Well, as a matter of fact I haven’t read Michael Hanby yet. Always put it off. I hope to read him this week. Right now I’m just going through the Confessions.

    Wednesday, September 2, 2009 at 10:10 am | Permalink
  8. Jon wrote:

    So you just happened upon the phrase ‘doxological self’ the week before you read Hanby! Revelation at its best!

    Wednesday, September 2, 2009 at 10:12 am | Permalink
  9. Halden wrote:

    I swear it came to me as I was lying in bed last night! Actually the phrase that came to me was “doxologized self” but when I started typing “doxological” sounded better to me somehow.

    Wednesday, September 2, 2009 at 10:14 am | Permalink
  10. Jon wrote:

    Right! I’m just off to work on a systematic theology I just thought up… reckon it’ll be called the Church Dogmatics… Think it’ll go down well?

    Just kidding – good on you for coming up with something someone already came up with! Thanks for the post!

    Wednesday, September 2, 2009 at 10:17 am | Permalink
  11. Charlie Collier wrote:

    Halden, I don’t think Augustine would like the idea of “God’s radical intrusion into his life.” He plays eloquently with the conundrum of God, location, and selfhood in the very first pages of the Confessions. Notice how he moves in the following passage from third person to first person en route to problematizing the very idea that God might enter into his self: “How shall I call upon my God, my God and my Lord, when by the very act of calling upon him I would be calling him into myself? Is there any place within me into which my God might come? How should the God who made heaven and earth come into me? Is there any room in me for you, Lord, my God? Even heaven and earth, which you have made and in which you have made me—can even they contain you? Since nothing that exists would exist without you, does it follow that whatever exists does in some way contain you? But if this is so, how can I, who am one of these existing things, ask you to come into me, when I would not exist at all unless you were already in me? . . . No, my God, I would not exist, I would not be at all, were you not in me. Or should I say, rather, that I should not exist if I were not in you, from whom are all things, through whom are all things, in whom are all things. Yes, Lord, that is the truth, that is indeed the truth” (Boulding translation, 1.2.2).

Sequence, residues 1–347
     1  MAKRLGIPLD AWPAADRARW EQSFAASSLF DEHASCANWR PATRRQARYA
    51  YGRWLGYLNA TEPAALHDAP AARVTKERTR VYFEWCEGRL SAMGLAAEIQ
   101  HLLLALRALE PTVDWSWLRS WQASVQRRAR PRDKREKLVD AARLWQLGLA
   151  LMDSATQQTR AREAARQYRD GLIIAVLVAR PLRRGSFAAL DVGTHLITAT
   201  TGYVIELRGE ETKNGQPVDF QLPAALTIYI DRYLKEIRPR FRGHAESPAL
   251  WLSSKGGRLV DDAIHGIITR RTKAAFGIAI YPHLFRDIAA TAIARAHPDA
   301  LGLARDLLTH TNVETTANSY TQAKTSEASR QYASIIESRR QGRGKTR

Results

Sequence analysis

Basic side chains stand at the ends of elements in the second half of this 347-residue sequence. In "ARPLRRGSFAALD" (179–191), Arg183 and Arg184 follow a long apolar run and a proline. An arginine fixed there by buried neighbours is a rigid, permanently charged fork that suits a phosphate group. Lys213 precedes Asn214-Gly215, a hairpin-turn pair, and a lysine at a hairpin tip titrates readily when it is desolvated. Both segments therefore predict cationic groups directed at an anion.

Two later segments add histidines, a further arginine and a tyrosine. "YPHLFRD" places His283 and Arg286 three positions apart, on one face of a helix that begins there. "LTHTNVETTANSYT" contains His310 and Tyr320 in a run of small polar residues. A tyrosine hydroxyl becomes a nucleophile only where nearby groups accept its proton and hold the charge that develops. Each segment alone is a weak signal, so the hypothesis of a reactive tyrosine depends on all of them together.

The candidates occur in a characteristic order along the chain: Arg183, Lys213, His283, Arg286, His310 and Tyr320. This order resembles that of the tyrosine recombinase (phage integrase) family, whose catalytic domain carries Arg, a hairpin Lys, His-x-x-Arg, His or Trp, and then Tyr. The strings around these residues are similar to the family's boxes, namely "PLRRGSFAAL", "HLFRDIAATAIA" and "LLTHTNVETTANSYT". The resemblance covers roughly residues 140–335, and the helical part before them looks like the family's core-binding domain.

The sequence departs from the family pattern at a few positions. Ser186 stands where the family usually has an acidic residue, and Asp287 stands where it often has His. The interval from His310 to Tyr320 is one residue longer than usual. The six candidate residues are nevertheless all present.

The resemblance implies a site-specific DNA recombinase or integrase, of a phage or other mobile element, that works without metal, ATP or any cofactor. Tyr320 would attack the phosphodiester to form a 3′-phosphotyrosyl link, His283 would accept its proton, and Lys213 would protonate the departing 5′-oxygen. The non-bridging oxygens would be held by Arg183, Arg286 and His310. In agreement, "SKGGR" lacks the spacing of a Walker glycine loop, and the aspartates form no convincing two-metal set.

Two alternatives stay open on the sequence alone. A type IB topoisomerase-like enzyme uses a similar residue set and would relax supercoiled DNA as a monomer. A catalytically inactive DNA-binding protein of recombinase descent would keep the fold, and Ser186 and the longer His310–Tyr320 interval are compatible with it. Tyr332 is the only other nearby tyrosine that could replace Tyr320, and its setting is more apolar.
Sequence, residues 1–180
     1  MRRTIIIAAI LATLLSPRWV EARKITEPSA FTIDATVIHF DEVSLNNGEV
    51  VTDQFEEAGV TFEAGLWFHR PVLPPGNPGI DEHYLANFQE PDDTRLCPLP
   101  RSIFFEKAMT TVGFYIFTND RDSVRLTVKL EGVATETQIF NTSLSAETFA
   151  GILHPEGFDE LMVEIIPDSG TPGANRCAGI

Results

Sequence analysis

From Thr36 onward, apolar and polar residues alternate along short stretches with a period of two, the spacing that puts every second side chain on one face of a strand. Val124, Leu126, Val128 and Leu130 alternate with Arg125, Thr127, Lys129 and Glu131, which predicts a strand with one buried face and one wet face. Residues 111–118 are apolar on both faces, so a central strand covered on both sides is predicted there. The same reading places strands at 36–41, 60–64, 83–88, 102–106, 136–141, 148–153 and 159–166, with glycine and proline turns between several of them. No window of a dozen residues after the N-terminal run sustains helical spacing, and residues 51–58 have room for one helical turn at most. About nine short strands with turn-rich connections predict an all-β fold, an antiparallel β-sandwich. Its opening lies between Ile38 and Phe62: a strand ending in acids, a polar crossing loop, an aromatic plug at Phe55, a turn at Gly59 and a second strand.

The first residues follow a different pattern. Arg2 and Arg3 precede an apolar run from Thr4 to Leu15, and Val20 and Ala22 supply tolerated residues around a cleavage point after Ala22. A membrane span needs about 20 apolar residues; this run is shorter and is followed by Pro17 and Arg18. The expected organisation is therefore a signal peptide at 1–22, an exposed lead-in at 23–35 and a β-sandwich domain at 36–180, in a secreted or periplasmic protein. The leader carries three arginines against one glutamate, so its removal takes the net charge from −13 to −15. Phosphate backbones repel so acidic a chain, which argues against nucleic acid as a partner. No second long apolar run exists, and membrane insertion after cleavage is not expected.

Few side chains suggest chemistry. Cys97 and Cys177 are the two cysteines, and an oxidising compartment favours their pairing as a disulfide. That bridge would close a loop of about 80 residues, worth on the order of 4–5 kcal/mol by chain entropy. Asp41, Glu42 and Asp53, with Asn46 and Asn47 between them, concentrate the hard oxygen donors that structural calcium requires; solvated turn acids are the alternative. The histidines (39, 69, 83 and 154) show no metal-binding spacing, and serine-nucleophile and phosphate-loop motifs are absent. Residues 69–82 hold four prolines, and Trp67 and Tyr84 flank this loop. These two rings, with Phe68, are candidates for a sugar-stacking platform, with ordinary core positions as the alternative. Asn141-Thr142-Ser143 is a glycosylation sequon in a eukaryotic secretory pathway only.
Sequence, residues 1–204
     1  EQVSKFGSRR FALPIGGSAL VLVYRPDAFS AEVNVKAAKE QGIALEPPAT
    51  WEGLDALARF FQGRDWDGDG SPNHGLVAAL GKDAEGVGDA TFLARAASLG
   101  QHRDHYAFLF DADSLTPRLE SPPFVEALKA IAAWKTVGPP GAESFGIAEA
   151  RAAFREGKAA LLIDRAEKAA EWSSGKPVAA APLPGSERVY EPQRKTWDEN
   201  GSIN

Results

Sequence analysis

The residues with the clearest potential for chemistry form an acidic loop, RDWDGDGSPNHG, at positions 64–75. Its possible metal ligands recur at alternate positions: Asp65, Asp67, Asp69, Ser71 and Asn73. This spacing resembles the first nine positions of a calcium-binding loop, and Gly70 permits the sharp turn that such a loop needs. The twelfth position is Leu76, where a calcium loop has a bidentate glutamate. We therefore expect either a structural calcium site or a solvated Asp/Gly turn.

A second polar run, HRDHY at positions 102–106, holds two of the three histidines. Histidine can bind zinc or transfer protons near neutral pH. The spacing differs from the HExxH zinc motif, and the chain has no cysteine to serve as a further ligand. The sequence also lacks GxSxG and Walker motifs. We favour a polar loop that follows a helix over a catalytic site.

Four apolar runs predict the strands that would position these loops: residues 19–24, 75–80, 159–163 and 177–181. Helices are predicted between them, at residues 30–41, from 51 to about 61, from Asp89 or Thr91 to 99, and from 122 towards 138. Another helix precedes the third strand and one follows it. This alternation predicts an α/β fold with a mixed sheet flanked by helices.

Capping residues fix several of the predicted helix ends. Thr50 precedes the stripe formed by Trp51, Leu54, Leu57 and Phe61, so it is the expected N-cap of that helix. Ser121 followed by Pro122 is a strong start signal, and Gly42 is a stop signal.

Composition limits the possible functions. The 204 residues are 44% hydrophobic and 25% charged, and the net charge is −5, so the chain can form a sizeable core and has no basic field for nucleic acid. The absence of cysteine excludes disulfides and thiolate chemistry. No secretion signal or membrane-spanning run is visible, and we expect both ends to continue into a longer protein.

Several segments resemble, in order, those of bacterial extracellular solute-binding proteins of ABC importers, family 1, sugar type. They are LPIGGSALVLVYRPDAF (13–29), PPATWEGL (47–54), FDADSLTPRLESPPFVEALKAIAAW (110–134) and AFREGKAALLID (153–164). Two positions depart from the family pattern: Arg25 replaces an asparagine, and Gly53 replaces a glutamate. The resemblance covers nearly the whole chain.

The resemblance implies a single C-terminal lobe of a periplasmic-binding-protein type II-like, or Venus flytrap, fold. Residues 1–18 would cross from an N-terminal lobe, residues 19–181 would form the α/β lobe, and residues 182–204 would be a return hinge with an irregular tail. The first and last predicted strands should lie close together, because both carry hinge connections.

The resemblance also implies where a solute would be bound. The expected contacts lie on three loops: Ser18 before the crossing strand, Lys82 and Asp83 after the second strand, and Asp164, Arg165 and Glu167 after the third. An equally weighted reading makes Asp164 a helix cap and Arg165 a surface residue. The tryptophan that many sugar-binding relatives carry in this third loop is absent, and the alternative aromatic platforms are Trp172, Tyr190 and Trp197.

I think you want to talk about God’s “radical intrusion” as a way into Augustine’s account of conversion, that is, as a way of describing the transformation, the re-making or redeeming, of Augustine-the-unrepentant-sinner into Augustine-the-repentant-bishop. Problem is, Augustine denies that sin has any ontological purchase. He thinks about sin what Gertrude Stein is alleged to have said about Oakland: “The trouble with Oakland is that when you get there, there isn’t any there there.” So for Augustine, God would never need to intrude or invade the creation that he holds by love in existence, moment by moment, every day. I think this is why he prefers the metaphors of scattering and gathering. Sin doesn’t create rival spaces that God needs to invade and reclaim. Rather, sin, as shadowy parasite, fractures the unities of the created order: “when I turned away from you, the one God, and pursued a multitude of things, I went to pieces” (2.1.1).

    Wednesday, September 2, 2009 at 11:06 am | Permalink
  12. Halden wrote:

    “I think you want to talk about God’s “radical intrusion” as a way into Augustine’s account of conversion, that is, as a way of describing the transformation, the re-making or redeeming, of Augustine-the-unrepentant-sinner into Augustine-the-repentant-bishop.”

    Yes, that is what I’m talking about there. It is true that the language of intrusion is not really Augustinian, I didn’t mean to imply that it was.

    Wednesday, September 2, 2009 at 11:37 am | Permalink